What they do not tell you however is that while around two-thirds of these prisoners are in fact in for drug-related offences, very few are in there merely for simple drug possession. Indeed, one study found that only 2 per cent of the American prison population were convicted of pure drug possession. Most were in for aggravated drug crimes, that is, crimes committed while on drugs (murder, armed robbery, theft, assault, child abuse, etc.) or crimes committed in order to obtain drugs.
In fact, the US Department of Justice has found that criminals commit six times as many homicides, four times as many assaults and almost one-and-a-half times as many robberies under the influence of drugs as they commit in order to get money to buy drugs.
Moreover, the majority of these crimes took place under the influence of alcohol, and not illegal substances. Thus it is a myth to suggest that drug decriminalisation would empty our prisons, free up our courts, and so on.
Five. It will put an end to the black market and reduce the crime rate.
This claim is often heard. The argument goes like this: By making drugs legal, or less prohibitive, drug prices will decline, and as a result, crime and the black market associated with illicit drugs will decline or disappear. It is also claimed that the legalisation of drugs will remove the profit motive from the drug trade. And it is argued that the money saved in stopping parts of the drug war, or in taxing the newly legalised drugs, can go to rehabilitation. There are a number of problems with these kinds of arguments.
First, the costs to society for drug use are far greater than any moneys saved on reduced law enforcement efforts. Consider the costs of drug legalisation to society: lost productivity, increased medical services for addicts and their families, more highway accidents, poorer educational performance, increased policing, more babies who may pick up their mother’s addiction, etc. A recent study found that the annual cost of drugs to the Australian community is 14.3 billion dollars. Another study found that almost a third of drivers killed on Victoria’s roads have tested positive to illicit drugs. Increase the number of drug users, as legalisation will do, and you increase this figure as well.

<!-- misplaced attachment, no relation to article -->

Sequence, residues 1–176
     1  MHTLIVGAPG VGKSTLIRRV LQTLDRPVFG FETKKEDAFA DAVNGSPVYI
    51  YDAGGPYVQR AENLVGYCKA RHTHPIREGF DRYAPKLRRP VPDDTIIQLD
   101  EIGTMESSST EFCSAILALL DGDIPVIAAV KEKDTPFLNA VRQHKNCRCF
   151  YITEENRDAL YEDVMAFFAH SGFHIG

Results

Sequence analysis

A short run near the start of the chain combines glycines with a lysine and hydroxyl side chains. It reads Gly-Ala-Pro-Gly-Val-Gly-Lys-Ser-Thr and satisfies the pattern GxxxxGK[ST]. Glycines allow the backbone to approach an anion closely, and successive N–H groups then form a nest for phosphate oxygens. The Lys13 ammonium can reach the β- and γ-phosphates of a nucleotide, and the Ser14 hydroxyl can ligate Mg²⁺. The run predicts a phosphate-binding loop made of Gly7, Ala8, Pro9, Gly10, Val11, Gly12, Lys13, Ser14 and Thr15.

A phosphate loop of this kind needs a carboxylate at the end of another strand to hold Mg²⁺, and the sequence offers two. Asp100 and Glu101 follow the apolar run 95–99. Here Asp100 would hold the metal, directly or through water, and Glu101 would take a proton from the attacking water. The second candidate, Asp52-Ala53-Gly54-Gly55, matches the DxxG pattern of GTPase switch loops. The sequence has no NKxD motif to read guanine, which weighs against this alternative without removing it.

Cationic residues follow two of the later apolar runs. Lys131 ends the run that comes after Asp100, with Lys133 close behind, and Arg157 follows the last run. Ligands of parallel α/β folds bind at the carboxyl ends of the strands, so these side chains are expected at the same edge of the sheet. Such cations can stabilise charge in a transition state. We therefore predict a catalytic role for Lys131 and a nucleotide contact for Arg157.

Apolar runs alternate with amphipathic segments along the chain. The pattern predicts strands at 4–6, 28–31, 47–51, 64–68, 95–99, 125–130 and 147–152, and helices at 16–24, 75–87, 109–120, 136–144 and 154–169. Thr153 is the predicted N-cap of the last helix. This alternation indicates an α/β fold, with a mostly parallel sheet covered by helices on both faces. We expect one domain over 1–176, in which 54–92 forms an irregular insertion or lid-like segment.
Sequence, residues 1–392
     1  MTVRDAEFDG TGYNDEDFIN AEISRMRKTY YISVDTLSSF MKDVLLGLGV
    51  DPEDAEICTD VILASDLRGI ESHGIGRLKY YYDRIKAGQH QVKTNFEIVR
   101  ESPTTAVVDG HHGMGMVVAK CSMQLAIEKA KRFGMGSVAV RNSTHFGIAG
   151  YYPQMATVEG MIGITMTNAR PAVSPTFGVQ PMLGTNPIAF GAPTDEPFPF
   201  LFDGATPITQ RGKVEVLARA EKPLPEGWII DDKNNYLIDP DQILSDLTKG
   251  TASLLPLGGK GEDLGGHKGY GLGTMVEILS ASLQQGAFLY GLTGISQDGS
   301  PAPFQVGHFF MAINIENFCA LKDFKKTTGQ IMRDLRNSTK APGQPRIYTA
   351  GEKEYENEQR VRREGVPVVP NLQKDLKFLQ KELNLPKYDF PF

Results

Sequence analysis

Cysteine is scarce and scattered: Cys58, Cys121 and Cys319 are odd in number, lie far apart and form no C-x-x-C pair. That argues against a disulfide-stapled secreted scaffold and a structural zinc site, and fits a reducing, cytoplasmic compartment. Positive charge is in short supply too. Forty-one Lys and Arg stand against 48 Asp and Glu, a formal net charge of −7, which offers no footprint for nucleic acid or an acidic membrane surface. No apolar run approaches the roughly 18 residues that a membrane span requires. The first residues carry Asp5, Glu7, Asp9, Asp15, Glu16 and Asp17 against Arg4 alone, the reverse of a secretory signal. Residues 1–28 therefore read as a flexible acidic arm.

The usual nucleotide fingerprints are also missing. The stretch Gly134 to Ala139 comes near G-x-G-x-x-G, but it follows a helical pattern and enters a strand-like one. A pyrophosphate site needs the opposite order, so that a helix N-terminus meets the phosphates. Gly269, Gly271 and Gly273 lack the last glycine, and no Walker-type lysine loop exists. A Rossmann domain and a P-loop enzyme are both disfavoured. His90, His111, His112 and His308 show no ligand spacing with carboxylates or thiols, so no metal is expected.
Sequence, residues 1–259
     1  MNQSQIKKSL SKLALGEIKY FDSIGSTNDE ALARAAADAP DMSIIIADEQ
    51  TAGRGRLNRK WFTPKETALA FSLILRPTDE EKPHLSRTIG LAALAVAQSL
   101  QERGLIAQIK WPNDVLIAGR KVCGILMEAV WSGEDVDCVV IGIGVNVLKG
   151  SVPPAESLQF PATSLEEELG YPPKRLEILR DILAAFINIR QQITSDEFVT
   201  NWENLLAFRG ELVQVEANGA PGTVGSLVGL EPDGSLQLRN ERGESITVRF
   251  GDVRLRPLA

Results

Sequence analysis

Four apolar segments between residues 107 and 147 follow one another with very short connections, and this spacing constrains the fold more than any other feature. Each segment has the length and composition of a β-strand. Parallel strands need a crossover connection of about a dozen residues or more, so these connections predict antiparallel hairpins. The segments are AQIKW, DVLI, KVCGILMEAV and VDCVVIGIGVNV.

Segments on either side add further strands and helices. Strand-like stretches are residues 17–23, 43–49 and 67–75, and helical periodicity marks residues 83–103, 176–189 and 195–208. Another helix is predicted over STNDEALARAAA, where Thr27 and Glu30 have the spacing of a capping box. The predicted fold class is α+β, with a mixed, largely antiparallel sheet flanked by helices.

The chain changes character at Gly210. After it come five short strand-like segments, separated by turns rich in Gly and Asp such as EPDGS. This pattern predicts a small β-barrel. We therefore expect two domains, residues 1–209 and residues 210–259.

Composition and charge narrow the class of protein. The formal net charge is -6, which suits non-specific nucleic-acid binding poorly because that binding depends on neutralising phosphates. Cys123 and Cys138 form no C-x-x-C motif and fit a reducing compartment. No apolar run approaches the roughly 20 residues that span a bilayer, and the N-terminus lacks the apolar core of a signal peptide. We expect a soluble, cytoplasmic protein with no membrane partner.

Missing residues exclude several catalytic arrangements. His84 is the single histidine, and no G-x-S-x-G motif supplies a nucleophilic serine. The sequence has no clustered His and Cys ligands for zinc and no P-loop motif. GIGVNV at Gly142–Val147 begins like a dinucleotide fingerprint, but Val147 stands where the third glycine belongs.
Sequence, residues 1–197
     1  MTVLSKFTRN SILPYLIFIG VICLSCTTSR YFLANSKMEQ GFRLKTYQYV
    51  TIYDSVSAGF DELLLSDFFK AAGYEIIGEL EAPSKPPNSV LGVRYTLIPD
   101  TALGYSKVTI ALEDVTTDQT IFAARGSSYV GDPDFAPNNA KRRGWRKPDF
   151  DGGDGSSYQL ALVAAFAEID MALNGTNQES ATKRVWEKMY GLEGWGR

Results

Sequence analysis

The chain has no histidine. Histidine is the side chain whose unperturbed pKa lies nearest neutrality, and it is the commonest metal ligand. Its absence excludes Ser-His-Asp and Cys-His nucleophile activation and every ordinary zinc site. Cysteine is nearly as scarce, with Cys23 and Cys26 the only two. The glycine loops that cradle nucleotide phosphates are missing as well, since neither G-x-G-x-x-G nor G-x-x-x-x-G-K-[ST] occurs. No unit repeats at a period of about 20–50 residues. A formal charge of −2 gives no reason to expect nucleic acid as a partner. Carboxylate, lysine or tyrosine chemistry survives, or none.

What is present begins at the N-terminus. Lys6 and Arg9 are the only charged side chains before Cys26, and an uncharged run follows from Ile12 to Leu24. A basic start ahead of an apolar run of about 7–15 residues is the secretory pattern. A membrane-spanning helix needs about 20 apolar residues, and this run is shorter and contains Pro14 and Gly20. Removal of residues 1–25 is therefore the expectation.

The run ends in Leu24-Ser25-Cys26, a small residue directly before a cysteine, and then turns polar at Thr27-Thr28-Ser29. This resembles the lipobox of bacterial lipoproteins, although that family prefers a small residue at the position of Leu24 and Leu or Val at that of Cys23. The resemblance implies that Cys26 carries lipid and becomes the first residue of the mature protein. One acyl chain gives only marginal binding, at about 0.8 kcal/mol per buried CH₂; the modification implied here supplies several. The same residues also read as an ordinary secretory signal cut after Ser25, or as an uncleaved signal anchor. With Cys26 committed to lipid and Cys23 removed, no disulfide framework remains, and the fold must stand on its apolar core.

Second, any “sin taxes” raised by these legalised drugs will still not offset the costs to society mentioned above. Indeed, the taxation of legalised drugs will still drive people to crime. In order for governments to raise enough revenue from drug taxes to pay for all the costs of increased drug use, the taxes will have to be high. But the higher the tax, the more the demand for black market drugs, or the more crime resorted to pay for these higher priced drugs.
Third, the profit motive abounds in already legal operations. The alcohol and tobacco industries are currently driven by hopes of large profits. If drugs were legalised, whole new industries would develop to cash in on the trade. Greed for gain does not disappear when an activity is legalised.
Fourth, black markets exist today for all kinds of legal products. Just because something is legal does not mean the black market will disappear. People will still want to beat taxes, escape government notice, or sell to minors, thus the demand for black markets will continue, even on legalised products.
Part Two of this article is found here: billmuehlenberg.com/2014/02/18/drug-legalisation-myths-part-two/